Top tips on an insurance policy to float your boat

Ian Walton of Nexus Insurance Brokers offers six pieces of advice on how to ensure that your yacht's insurance coverage is watertight.

Dubai, July 18, 2012 -- STOCK photographs of various boats docked at Dubai Marina Yacht Club in Dubai, July 18, 2012. (Photo by: Sarah Dea/The National)

Ian Walton of Nexus Insurance Brokers offers six pieces of advice on how to ensure that your yacht's insurance coverage is watertight.

1. Get insured

UAE Marinas are unlikely to accept you berthing your vessel without proof of insurance for the hull and liability exposures. A yacht is likely to be one of the most valuable purchases you will make - in sheer monetary terms at least - so it is well worth going the extra mile to get covered.

2. Get your valuation right

It is important to ascertain the value of your yacht from the outset. This will be an agreed value, so you should ensure the figure realistically and accurately reflects the worth of your new asset. Most policies will cover vessels of up to five or seven years but if it is older, or particularly large, it needs to be evaluated by a competent marine surveyor who will provide an "out-of-water condition" survey report. Irrespective of the boat's age, it is a good idea to undertake surveys of this nature every 12 months to ensure your investment is seaworthy, does not depreciate too much in value, and remains appropriately insured.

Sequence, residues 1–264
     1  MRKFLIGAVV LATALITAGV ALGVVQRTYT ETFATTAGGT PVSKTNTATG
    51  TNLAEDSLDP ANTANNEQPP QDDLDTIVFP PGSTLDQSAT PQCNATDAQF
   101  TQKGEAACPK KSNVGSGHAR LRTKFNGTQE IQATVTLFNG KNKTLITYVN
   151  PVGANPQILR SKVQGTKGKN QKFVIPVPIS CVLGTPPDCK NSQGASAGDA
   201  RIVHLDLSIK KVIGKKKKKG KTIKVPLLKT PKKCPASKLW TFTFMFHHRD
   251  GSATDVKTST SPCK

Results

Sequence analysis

3. Be wary of wear and tear

Pleasure craft owners must be extremely vigilant about wear and tear as this can take its toll on performance, safety, efficiency and overall value. Proper maintenance should be undertaken on a regular basis, including ensuring barnacles and other foreign matter are properly cleaned from the hull.

4. Are you experienced?

It is worth noting that your sailing experience is considered as a rating factor, so if you're a novice with less than five years' experience, you may find yourself paying slightly more for your insurance.

5. You're not alone

A pleasure craft insurance policy must account not only for the vessel itself but also its occupants and the surrounding environment. This should include the hull, machinery, outboard motors, seepage pollution and passengers' protection. Thorough third-party legal liability cover is vital in terms of covering yourself for bodily injury to, and property damage of, third parties. For this reason, it is a good idea to select a high third-party liability limit. Cover should also be provided for towing liability, as well as liability for events such as water-skiing. Remember, the policy will normally be issued in your name, so if you intend to loan or hire your boat out to others, make sure you have notified your insurer and obtained the necessary approval.

6. Know your (geographical) limits

You need to clearly define the territorial limits of your insurance policy, for example you may need to get GCC-wide geographical cover depending on the extent of your sailing excursions.

Ian Walton is the director of general insurance at Nexus Insurance Brokers